Contemporary Debates on Migrant Children Integration

Migrant children and their integration, whether in educational contexts or otherwise, is not an under-researched area. Research in this area is ongoing, and has generated tens of thousands of papers with new ones continually added. To cut through this material, we worked to review a few thousand of the most recent papers, with a few hundred becoming those that this paper is based on. This paper therefore aims to present some of the key contemporary debates on child migrants and their educational contexts, and what integration might mean.

First, the paper discusses identity and integration, drawing on ideas of acculturation and so how individuals, both migrants and those they meet, change in terms of their identity and community. Importantly, it notes that terms such as bicultural and integration simplify a multidimensional process, where there is neither coherence in any host or migrant aggregation, nor is any acculturation uniform. Further, it finds that alternative analogies of ‘anchoring’ also are useful for understanding how individuals have attachments to community or cultural structures, including schools as institutions.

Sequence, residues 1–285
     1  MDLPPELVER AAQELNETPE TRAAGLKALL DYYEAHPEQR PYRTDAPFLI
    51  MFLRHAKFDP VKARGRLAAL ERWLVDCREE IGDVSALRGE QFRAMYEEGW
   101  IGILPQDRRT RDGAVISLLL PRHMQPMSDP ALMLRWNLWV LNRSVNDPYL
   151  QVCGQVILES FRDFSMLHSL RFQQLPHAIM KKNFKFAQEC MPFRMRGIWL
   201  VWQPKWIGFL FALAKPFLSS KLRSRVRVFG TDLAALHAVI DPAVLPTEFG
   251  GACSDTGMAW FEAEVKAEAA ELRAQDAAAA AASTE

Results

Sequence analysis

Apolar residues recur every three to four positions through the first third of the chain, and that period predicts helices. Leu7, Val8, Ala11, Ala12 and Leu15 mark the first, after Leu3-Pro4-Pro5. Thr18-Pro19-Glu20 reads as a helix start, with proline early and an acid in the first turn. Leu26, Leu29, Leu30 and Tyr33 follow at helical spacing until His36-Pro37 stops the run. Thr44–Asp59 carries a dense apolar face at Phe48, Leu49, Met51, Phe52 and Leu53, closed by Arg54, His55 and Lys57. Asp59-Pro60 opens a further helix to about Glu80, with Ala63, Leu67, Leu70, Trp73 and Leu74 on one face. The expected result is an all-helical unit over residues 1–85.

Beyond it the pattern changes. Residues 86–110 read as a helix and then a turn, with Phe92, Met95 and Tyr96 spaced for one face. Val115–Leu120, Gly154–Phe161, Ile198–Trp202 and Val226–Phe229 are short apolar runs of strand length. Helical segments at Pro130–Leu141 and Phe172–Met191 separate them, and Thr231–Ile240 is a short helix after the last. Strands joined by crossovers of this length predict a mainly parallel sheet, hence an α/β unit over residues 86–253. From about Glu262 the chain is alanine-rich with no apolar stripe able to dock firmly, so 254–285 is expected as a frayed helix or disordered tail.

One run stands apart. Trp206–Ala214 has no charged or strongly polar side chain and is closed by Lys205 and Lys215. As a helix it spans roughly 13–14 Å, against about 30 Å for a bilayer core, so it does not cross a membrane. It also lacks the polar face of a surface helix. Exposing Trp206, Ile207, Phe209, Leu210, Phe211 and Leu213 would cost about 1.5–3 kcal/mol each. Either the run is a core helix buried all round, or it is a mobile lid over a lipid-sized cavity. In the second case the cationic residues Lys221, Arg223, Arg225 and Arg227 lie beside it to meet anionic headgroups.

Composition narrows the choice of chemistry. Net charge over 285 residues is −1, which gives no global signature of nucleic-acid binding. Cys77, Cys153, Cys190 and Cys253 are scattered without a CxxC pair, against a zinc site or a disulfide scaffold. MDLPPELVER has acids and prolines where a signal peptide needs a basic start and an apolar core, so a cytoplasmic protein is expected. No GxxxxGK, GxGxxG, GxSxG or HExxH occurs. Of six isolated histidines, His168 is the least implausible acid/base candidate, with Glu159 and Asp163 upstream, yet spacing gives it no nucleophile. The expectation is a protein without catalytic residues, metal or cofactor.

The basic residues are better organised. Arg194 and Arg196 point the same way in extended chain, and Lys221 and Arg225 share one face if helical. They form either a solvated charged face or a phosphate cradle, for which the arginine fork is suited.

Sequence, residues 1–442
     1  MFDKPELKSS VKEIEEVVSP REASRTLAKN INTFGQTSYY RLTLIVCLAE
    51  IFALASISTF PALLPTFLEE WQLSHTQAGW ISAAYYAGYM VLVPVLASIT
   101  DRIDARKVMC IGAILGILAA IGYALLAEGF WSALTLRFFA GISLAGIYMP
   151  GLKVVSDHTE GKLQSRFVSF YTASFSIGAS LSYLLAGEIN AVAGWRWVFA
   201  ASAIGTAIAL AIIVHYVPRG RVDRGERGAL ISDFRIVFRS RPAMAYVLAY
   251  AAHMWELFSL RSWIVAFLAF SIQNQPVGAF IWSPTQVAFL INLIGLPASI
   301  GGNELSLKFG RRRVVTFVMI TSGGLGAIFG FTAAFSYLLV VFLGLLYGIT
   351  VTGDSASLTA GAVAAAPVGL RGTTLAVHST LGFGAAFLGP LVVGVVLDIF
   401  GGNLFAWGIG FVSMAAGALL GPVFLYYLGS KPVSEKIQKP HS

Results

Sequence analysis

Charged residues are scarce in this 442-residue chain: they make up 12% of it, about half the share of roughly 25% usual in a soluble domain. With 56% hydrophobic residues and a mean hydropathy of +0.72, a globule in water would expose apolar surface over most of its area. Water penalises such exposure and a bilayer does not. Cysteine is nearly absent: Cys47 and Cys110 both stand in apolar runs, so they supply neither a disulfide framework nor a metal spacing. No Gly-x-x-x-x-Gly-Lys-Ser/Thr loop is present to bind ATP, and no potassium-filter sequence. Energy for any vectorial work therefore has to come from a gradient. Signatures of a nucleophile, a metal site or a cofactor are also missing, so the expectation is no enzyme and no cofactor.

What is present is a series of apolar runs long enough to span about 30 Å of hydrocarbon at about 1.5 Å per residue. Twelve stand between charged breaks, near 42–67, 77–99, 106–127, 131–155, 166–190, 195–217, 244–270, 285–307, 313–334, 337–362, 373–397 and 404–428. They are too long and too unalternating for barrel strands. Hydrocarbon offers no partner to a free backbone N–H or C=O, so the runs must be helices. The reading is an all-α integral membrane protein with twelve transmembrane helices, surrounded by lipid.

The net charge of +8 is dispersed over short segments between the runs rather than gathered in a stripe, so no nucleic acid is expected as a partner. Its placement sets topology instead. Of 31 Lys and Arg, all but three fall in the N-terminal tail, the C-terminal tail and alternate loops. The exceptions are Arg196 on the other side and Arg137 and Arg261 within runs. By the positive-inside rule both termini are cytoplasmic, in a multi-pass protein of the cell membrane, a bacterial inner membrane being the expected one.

Second, therefore, we turn to those community structures that provide such attachments, including religious institutions, other community groups and families as both attachment and an intermediary for attachments. This, of course, raises questions about when any attachments might actually be a barrier, as opposed to being a support, for making further attachments.

 Third, the paper considers the status of asylum seeking and other unaccompanied children. Here it is noted that these young people have two extra barriers beyond those of the wider migrant cohort. They are more likely to have adverse experiences as part of their journey, including war in their origination and perilous crossings. They are also more likely to be disconnected from the community structures mentioned previously if they are, especially on arrival, placed into state care such as foster families or group homes.

 The paper then moves on to a specific set of barriers related to hostility, stereotyping, or other conflict-type behaviours that may arise. It then discusses a key component, wellbeing, that could be both cause and outcome of integration and educational success.

 Finally, this paper focuses on educational contexts themselves, and so those schoolrelated barriers to integration and what goes on in schools to help integration and school success.

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DG Research and Innovation, Horizon 2020 (H2020-SC6-MIGRATION-2018: Addressing the challenge of forced displacement)

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